They led to over 75,000 more overcrowded households during the pandemic.
In my new research published in the International Journal of Housing Policy, I found that reductions to housing benefits led to a significant increase in overcrowding among private renters in England in the years leading up to the pandemic. My analysis shows that more than 75,000 additional households were overcrowded during the pandemic because of these policies.
Changes to housing benefit
The local housing allowance (LHA) approach to calculating housing benefit for private renters was introduced by the Labour government in 2008. Previously, housing benefit was based on the actual rent paid by individual recipients. Arguing that this was undermining work incentives, the LHA approach instead meant recipient households could receive support up to the median rental prices for the relevant property size in their area. The median, or 50th percentile, represents the ‘middle’ value between the lowest and highest values – in this case, the lowest and highest rents, therefore making the cheapest half of housing in an area affordable to recipients.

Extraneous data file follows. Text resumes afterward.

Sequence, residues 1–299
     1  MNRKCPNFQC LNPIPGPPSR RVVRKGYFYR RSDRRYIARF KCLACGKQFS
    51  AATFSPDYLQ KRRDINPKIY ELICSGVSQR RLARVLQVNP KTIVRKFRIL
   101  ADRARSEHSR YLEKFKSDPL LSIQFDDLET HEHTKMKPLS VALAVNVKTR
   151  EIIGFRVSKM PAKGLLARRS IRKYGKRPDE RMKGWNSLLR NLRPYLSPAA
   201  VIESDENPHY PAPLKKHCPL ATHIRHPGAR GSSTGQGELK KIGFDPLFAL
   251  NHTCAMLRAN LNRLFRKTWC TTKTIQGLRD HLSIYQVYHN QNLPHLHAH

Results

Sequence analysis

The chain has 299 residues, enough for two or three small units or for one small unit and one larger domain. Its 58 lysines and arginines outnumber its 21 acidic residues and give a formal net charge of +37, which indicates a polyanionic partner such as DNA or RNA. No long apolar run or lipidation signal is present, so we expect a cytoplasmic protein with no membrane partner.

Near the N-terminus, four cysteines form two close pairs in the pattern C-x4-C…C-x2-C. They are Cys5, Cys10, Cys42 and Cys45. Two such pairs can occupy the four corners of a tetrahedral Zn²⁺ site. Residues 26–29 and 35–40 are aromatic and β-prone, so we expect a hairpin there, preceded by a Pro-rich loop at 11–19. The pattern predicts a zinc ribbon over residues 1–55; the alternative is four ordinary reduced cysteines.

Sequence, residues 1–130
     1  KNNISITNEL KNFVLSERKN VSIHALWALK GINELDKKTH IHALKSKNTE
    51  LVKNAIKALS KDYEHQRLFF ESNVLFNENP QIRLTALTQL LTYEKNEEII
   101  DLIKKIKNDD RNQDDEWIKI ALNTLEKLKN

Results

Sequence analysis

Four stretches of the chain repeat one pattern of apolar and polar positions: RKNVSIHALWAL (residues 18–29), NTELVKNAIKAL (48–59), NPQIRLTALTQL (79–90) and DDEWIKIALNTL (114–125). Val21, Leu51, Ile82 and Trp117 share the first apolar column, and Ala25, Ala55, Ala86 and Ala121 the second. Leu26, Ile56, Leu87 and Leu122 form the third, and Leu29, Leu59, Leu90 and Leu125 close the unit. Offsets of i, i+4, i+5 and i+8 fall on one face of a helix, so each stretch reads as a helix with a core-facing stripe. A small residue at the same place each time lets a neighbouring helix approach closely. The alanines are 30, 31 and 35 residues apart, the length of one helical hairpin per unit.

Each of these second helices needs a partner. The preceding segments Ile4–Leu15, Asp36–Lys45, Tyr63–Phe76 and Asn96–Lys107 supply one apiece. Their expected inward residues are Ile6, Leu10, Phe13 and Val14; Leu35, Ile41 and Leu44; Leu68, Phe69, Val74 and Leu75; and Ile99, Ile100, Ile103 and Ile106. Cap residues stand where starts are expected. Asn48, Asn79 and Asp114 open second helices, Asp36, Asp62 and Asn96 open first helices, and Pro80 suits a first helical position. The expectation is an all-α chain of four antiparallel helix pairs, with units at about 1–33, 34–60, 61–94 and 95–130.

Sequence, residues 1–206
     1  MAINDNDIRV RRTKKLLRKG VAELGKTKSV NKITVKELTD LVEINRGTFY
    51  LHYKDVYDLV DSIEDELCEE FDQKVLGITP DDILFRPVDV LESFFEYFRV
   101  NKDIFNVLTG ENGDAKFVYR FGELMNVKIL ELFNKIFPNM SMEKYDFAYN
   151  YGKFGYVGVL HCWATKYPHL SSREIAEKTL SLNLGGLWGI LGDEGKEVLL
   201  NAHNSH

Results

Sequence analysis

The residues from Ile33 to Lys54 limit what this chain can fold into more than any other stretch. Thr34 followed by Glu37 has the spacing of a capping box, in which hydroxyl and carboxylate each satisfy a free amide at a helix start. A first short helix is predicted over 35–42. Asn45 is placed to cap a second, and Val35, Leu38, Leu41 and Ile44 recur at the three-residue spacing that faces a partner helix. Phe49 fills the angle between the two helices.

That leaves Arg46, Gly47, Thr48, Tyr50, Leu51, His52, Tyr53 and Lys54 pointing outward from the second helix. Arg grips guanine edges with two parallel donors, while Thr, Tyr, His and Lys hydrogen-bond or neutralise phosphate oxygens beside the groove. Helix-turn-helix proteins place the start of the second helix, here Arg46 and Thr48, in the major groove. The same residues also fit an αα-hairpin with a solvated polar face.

After the 2010 election, the Conservative-Liberal Democrat coalition government made further changes, with the aim of reducing spending. From April 2011, LHA rates were reduced from the 50th to the 30th percentile, meaning that housing benefit would now only cover rents for the cheapest three out of 10 homes in an area. This resulted in an average loss of £1,220 per household per year. Caps depending on property size were also introduced.